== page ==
A generation of children and young people with special educational needs and disabilities is being failed by the Government’s SEND reforms, MPs warn.
An 18-month inquiry by the Education Committee has concluded that the reforms to the support for children and young people contained in the Children and Families Act 2014 have been poorly implemented.
The reforms included the introduction of a co-ordinated assessment process to assess a child’s educational, health and care needs. They also ensured that Education Health and Care plans from year nine onwards included aspects to help them prepare for adulthood.
These reforms, which were initially proposed in the 2011 Green Paper ‘Support and aspiration: A new approach to special educational needs and disability’, also included introducing supported internships to help young people with SEND prepare for the workplace.
The committee, which heard from more than 70 witnesses and received more than 700 submissions of written evidence, concluded that poor implementation of these reforms has put local authorities under pressure, left schools struggling to cope, and thrown families into crisis.
The committee also heard that young people were left isolated in school, unable to access the curriculum, and struggling to make friends, while training and employment opportunities for adults were found to be poor because of a ‘fundamental lack of ambition’ for young people with SEND.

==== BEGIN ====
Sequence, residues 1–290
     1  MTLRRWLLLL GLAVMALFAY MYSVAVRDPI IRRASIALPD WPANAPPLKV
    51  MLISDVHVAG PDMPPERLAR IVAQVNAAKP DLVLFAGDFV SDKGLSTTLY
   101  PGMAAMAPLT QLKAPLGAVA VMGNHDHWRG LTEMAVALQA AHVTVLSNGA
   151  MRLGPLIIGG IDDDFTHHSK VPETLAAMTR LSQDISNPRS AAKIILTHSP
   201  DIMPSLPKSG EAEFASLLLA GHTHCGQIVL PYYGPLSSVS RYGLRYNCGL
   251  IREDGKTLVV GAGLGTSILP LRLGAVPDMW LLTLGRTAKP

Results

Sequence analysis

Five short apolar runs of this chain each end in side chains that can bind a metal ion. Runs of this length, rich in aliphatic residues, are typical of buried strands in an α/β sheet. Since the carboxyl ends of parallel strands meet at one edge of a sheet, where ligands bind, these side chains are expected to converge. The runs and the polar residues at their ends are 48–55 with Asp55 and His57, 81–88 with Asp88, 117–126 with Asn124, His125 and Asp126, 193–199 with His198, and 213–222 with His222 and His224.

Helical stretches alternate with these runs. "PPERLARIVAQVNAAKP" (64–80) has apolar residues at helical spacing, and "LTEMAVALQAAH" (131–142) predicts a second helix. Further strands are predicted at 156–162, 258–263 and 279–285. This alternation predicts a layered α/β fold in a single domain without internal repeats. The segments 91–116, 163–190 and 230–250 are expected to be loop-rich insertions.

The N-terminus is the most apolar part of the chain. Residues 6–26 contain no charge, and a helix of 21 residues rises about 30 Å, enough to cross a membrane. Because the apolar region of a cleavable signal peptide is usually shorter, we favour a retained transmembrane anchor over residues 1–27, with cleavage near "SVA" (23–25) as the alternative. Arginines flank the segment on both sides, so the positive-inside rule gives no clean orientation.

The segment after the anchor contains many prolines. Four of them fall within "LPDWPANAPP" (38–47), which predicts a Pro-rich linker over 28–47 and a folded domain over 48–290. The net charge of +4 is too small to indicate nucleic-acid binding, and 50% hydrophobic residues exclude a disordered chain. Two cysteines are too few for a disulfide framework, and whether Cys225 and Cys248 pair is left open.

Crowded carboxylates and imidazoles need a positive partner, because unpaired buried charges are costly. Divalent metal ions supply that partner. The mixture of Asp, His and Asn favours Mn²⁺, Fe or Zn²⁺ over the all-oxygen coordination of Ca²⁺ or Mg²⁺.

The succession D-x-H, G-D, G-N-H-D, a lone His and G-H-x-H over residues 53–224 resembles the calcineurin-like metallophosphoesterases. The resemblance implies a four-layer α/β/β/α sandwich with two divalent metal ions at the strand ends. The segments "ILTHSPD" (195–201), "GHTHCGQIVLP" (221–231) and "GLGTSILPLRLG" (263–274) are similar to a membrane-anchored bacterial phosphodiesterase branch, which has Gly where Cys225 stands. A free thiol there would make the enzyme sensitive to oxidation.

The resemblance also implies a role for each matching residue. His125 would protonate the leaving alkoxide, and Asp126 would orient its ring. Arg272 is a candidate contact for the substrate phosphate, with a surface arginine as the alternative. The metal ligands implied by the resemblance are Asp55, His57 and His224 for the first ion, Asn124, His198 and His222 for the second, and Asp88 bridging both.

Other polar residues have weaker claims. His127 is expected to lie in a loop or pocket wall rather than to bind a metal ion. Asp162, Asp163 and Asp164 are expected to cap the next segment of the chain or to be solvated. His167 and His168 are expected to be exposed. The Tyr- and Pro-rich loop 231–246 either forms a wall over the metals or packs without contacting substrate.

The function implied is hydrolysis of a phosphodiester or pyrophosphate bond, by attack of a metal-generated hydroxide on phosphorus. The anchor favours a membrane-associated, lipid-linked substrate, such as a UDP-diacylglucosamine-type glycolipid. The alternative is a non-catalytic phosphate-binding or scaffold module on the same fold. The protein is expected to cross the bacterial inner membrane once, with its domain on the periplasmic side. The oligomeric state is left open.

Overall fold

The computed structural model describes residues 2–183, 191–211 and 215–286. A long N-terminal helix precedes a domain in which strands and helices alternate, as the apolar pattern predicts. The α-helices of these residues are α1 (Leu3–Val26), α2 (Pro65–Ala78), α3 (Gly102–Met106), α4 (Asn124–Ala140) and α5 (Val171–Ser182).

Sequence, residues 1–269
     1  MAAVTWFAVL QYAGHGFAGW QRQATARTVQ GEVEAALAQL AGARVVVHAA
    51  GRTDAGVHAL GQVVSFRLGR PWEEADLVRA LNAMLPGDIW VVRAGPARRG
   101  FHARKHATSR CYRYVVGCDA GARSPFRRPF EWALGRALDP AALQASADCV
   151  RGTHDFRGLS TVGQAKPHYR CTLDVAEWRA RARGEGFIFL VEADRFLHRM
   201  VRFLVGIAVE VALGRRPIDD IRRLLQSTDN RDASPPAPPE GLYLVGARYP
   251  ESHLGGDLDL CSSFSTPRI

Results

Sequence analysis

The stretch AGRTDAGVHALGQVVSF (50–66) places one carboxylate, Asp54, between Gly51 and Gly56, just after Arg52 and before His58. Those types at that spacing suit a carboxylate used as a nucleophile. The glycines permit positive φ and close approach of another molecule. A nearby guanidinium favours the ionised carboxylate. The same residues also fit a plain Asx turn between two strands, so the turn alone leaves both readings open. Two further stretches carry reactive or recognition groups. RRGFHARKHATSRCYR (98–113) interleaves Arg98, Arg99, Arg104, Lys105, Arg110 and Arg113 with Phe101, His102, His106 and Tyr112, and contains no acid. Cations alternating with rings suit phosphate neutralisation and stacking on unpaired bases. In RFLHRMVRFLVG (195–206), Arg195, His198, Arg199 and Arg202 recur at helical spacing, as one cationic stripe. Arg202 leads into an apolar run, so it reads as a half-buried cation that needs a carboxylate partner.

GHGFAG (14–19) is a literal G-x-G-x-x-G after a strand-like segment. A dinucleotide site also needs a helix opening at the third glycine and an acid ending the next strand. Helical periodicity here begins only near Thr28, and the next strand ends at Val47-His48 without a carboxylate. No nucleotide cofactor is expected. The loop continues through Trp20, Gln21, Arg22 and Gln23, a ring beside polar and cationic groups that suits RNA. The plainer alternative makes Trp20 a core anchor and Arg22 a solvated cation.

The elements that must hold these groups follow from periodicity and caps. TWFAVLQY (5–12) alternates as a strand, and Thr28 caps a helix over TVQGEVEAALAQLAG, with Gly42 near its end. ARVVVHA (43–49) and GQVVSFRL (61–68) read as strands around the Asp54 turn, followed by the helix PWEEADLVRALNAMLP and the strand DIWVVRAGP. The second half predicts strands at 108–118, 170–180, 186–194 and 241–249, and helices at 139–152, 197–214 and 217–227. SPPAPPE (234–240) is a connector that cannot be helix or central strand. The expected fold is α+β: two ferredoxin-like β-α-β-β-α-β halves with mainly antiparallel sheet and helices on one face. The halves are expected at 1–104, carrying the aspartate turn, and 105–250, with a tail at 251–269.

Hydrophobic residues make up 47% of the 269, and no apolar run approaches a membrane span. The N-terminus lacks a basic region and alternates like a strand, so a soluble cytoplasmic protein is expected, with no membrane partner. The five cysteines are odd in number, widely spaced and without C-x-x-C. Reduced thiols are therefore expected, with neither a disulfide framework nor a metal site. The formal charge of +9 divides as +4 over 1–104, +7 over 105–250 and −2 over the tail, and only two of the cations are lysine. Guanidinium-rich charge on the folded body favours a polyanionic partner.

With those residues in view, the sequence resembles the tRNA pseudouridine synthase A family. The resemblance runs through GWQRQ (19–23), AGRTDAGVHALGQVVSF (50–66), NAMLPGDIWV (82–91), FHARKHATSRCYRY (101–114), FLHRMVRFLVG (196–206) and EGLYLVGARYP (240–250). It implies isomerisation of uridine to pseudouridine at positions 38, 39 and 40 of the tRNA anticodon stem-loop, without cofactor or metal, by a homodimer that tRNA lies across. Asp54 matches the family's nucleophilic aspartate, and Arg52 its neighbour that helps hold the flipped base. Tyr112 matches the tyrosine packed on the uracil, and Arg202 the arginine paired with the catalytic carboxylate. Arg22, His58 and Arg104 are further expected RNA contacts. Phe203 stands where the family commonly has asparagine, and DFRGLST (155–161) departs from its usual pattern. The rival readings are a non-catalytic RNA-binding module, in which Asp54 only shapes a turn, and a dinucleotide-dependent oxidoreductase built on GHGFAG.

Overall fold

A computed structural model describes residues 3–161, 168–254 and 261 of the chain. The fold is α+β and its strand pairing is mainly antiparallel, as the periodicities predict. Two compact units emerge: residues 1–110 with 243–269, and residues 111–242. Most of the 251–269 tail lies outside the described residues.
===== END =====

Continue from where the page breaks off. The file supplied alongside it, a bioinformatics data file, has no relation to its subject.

‘Despite the good intentions of the reforms, many children with special educational needs and disabilities are being let down day after day,’ said the committee chair Robert Halfon.
‘Many parents face a titanic struggle just to try and ensure their child gets access to the right support.
‘Families are often forced to wade through a treacle of bureaucracy, in a system which breeds conflict and despair as parents try to navigate a postcode lottery of provision.
‘A lack of accountability plagues the system as local authorities, social care and health providers too frequently seek to pass the buck rather than take responsibility for providing support.
‘Children and parents should not have to struggle in this way – they should be supported. There needs to be a radical change to inspection, support for parents, and clear consequences for failure to ensure the 2014 Act delivers as the Government intended.’
Responding to the report, Cllr Judith Blake, chair of the Local Government Association’s Children and Young People Board, said: ‘This report supports our long-term concerns that the services for children with special education needs have reached a tipping point.
‘Extra funding for SEND services next year is recognition of these pressures and will help councils in meeting demand for support next year, but we agree with the committee that system reform is necessary alongside additional funding.’
The committee’s report called for a more rigorous inspection framework for local authorities, with ‘clear consequences for failure’. It also said there should be a greater focus on SEND in school inspections.